The Paper Bag Dilemma

Cuyahoga County, Ohio which includes Cleveland, banned single use plastic bags on 1 January 2020. Businesses that give customers plastic bags have until July 2020 to comply without consequences.

Grocery stores where I shop are now using paper bags. Walgreen’s uses paper bags. Everybody has until July to use up their plastic bag inventory. I haven’t seen anything in the news about adjusting to paper. Given the degree of adjustment needed it’s surprising the lack of instruction to the people who use them.

Apartment buildings in particular have unique situations regarding trash. Our lease states that all trash must be in plastic bags and tightly-tied before putting it down the shoot. Every floor of course has a trash room with a trash shoot in it.

Our apartment complex has a huge trash bin in the building on the ground floor – which presents its own challenges with cockroaches. It took a long time for people to stop dumping everything including garbage down the trash shoot, unwrapped.

Most people who became compliant, used store plastic bags as their trash bags – small enough to get down the shoot and easy to tie tightly.

Since the ban on plastic bags which everybody used to wrap their trash, nobody has said anything about alternative wraps. Try to put trash and garbage in a paper bag with no tie and put it down the trash shoot. If there is anything wet, it will fall right through the bag.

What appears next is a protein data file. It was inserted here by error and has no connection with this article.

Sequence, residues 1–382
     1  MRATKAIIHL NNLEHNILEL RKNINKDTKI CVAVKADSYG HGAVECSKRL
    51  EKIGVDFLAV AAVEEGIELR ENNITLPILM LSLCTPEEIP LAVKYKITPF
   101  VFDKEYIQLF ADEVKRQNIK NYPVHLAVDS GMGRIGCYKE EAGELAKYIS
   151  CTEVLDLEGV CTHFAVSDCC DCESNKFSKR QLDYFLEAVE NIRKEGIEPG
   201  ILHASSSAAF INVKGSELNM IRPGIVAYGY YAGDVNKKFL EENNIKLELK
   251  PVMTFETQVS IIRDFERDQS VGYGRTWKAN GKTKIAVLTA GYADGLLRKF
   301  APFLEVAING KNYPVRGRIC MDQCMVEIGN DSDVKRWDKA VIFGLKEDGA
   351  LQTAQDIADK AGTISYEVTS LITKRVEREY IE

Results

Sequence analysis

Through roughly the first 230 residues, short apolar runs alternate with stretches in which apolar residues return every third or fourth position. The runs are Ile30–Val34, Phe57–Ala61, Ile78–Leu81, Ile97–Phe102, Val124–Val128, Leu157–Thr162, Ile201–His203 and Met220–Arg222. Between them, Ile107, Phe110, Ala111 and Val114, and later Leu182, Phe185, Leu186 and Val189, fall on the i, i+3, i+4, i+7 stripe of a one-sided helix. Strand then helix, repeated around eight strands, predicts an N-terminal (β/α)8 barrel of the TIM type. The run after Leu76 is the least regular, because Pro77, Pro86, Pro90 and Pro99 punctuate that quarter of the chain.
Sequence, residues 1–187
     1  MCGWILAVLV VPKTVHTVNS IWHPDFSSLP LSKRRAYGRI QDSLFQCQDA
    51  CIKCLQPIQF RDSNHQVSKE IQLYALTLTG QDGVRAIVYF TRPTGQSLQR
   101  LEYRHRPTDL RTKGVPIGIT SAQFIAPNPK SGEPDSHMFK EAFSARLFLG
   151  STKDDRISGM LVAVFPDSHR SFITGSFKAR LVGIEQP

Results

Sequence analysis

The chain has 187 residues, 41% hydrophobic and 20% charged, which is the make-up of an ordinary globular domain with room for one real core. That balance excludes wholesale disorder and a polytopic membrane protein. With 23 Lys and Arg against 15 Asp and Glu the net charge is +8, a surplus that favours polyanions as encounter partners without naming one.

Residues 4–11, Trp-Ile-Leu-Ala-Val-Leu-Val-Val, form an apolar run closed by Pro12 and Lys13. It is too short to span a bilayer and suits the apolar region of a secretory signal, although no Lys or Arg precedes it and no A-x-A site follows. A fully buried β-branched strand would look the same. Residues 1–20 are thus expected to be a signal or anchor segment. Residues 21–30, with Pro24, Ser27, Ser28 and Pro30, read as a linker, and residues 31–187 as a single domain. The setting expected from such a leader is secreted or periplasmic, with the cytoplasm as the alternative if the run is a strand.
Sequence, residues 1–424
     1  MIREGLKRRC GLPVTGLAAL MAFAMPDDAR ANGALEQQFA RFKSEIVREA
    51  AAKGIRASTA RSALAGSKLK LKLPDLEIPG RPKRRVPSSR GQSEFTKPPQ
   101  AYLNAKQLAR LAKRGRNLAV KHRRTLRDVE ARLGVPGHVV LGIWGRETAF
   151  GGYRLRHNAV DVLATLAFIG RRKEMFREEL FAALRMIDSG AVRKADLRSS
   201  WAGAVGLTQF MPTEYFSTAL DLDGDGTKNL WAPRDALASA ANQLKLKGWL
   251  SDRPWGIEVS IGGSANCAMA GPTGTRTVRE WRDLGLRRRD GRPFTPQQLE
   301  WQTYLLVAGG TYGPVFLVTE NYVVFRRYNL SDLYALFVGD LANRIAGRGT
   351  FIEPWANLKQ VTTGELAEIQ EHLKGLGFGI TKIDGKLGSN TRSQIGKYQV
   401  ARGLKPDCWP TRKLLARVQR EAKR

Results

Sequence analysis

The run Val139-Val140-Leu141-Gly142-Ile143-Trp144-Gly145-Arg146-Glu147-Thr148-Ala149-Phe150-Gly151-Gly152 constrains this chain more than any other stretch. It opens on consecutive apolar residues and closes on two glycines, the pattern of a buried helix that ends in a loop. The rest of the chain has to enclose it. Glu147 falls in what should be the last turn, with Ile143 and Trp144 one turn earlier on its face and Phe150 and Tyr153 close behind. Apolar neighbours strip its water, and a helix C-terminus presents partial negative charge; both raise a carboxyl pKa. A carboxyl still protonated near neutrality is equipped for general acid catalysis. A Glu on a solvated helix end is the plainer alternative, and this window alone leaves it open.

Although we all have garbage disposals, there’s not much these cheap disposals can handle without causing maintenance problems.

Food prep, for instance, causes wet-bag, yet the peelings are not suited for cheap garbage disposals. Onion, potato, banana, orange peels – anything with a peel. Watermelon, cantaloupe. Anything with a core – green and red peppers, tomatoes, corn on the cob – all wet and all unable to be put in the garbage disposal.

Coffee grounds and tea bags are wet. You can’t put them down the disposal either, so into the paper bag they go.

Opened and emptied cans, bottles, containers of food – all wet – even if you rinse them out, still wet. Nobody is going to wash their containers and dry them before putting them down the shoot.

It doesn’t take much wet to break a paper bag – and then on the way to the shoot, the bottom falls out and there’s a mess all over the hallway.

The result is going to be a smelly nightmare in the summer months and cockroach infestations will bloom out of control.

So what’s the solution? A while back I bought a bunch of wide packing tape in the dollar bin at the grocery store. Now, I line the paper bag with the store flyer – but those run out. I fill the bag two-thirds full. I push the top down over the garbage/trash then tape the bag – around top to bottom like a cross, two ways, like you wrap a gift package with ribbon – sometimes more than once.

I wonder though if the tape is safe for the environment? I got this tape cheap. People on fixed incomes in these apartment complexes are not going to spend money on tape to wrap their paper bags.